Claims of Lien: Naming Owner is a Mandatory Requirement for a Lien Action


By Anna Sekunova and Kim Do

We previously reported on Trans Canada Trenchless Ltd v Targa Contracting (2013) Ltd, 2021 BCSC 2518, a decision where in a surprising result the court allowed a claim of lien to proceed even after a plaintiff subcontractor, Trans Canada, failed to name an owner as a party to the action or include language seeking to enforce its lien in a notice of civil claim. Indeed, Trans Canada was allowed to add the owner as a defendant and amend its claim to expressly include a claim to enforce the lien. In doing so, the Court held that while there was no discretion to cure its failure to strictly comply with s. 33(1) of the Builders Lien Act (the “BLA”) (a provision which requires that an action to enforce a claim of lien be commenced not later than one year from the date of filing), it would be just and convenient to allow the subcontractor to amend its pleading to add a claim to enforce the lien, despite the expired limitation period.

That decision was recently overturned on appeal in Trans Canada Trenchless Ltd v Targa Contracting (2013) Ltd, 2022 BCSC 438, where the court concluded that the lien was in fact extinguished.

The court made several notable holdings, including that a claim in lien remained a claim in rem and the owner of the land against which the lien was asserted was a necessary party. Thus, the owner had to be named in an action to enforce a claim of lien even if it had no contractual relationship with the claimant.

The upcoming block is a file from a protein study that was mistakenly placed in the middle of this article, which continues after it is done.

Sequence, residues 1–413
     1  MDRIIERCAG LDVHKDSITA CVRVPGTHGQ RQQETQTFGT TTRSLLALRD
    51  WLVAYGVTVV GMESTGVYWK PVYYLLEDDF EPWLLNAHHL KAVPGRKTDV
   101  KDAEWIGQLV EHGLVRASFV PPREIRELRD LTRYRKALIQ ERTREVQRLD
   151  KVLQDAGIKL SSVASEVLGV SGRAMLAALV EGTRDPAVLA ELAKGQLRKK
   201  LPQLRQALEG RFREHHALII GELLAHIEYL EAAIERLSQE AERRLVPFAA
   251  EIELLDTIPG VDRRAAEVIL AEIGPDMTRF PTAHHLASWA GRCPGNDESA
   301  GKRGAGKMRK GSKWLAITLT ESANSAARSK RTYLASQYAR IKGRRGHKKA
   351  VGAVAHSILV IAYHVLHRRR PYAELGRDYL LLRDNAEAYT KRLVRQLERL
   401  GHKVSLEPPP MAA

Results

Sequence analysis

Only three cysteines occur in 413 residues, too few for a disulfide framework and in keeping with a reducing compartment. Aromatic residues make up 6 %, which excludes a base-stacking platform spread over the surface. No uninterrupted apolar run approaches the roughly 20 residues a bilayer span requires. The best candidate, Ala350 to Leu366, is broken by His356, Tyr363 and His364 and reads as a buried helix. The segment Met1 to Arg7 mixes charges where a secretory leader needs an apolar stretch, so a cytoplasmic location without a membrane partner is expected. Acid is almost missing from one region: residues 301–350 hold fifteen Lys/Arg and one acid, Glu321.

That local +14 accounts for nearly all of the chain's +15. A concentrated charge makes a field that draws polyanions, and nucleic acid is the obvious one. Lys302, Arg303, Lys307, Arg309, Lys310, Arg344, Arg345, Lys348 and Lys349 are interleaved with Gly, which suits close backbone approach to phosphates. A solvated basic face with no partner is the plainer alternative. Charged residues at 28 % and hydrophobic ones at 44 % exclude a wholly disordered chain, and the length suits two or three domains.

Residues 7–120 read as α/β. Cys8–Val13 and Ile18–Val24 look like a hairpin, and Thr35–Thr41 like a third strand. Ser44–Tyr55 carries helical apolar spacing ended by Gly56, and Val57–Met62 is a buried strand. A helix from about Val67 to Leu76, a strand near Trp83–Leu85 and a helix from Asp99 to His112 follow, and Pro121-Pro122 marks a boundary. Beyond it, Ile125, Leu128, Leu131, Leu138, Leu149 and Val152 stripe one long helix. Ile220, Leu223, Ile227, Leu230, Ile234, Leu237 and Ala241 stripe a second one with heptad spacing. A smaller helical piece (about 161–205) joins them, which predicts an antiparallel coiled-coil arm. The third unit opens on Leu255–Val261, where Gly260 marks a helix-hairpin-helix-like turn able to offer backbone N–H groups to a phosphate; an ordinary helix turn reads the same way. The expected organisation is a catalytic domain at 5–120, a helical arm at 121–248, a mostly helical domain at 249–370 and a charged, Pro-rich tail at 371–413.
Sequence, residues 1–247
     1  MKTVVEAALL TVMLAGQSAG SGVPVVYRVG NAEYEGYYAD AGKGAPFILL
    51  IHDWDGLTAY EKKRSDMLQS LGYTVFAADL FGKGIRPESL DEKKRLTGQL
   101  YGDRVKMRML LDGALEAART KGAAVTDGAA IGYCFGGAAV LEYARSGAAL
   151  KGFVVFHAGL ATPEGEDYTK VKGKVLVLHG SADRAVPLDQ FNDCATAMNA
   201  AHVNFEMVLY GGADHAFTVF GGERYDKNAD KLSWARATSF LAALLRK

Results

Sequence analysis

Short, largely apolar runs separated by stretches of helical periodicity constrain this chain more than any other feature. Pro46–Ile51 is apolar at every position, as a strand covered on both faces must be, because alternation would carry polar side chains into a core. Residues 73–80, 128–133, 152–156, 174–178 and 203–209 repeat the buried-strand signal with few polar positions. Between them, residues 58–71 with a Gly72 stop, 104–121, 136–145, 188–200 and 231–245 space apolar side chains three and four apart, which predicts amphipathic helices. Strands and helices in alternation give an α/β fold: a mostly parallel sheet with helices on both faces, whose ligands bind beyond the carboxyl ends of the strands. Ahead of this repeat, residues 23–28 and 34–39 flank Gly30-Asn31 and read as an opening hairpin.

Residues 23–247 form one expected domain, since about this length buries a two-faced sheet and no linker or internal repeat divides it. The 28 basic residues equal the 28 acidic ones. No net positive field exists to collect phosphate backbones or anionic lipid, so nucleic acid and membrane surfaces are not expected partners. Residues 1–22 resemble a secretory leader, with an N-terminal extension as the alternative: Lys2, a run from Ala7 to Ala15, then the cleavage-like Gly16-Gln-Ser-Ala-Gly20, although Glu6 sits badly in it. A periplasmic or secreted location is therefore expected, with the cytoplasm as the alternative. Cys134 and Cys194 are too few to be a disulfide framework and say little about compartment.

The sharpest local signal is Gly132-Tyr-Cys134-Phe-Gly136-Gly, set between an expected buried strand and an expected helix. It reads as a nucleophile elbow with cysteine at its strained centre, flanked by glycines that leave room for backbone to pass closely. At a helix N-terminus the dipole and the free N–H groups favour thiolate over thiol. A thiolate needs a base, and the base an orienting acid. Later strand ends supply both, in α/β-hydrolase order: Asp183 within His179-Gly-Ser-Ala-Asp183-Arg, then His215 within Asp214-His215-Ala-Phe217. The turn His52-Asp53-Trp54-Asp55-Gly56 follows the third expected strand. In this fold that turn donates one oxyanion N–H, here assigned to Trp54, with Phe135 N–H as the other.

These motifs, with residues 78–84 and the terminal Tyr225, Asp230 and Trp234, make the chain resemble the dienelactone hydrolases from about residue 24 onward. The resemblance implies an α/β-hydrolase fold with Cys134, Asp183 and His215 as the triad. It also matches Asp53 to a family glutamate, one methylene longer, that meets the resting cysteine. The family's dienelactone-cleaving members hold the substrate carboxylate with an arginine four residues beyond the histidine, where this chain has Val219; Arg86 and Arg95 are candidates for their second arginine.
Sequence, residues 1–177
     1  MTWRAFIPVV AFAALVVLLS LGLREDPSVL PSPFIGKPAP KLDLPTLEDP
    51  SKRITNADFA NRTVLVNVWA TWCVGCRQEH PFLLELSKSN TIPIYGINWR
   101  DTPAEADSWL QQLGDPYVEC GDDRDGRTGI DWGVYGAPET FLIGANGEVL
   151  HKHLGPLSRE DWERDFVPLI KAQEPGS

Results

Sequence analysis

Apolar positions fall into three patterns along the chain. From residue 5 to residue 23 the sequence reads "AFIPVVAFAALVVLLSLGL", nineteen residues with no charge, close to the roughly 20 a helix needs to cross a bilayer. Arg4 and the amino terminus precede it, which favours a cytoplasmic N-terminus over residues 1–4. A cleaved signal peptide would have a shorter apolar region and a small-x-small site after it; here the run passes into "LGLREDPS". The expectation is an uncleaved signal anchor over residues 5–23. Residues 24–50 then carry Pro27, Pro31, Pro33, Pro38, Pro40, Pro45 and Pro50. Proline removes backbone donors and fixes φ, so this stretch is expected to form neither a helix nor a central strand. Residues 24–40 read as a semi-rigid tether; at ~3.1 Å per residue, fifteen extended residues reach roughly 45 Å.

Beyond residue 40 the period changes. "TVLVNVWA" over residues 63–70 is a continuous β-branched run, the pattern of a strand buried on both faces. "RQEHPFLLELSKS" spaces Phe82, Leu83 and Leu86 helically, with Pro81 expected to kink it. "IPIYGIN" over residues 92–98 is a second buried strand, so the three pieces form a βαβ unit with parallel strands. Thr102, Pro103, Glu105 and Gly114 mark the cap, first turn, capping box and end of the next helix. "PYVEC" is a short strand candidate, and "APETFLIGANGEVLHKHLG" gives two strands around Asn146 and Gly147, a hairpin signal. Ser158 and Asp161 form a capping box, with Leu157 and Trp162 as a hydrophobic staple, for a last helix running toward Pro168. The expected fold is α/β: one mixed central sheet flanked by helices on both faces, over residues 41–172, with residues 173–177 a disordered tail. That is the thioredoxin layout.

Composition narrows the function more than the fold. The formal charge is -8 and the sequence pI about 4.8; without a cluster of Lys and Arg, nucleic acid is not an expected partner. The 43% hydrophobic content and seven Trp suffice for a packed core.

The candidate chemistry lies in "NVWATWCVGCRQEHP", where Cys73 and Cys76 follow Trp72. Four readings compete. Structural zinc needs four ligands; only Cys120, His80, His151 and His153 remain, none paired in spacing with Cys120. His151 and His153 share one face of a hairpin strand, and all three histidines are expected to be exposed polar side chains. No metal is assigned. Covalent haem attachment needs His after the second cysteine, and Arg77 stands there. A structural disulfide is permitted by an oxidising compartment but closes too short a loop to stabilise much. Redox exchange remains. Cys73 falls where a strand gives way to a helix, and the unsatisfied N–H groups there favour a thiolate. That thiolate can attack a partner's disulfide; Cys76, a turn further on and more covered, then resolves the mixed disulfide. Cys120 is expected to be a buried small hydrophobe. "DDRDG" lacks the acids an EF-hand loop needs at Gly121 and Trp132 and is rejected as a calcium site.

Further, s. 33 of the BLA required both the commencement of an action and registration of a certificate of pending litigation (the “CPL”) to be performed within one year after filing of the claim of lien. A failure to file was non‑compliance, regardless of intention. If the parties entitled to assert lien claims did not comply with s. 33 of the BLA by commencing an action to enforce the lien and filing the CPL, then the lien absolutely ceased to exist, and no action taken by the owner could revive the extinguished claim.

Similarly, the factors which allowed for the amendment of pleadings after the expiry of a limitation period had no application in this case as the underlying lien was extinguished. Amending a notice of civil claim could not revive the extinguished lien. Accordingly, it was not just or equitable to allow amendments which introduced a claim to enforce an extinguished lien.

This case serves as a useful reminder to all lien claimants that when drafting pleadings to enforce a lien claim, it is especially important to identify and add proper parties, including the owner, ensure there is language seeking to enforce the lien, and file within the required timeline. Taking these precautions will avoid an unfortunate situation like in this case where failures to do so led to a lien claim being extinguished.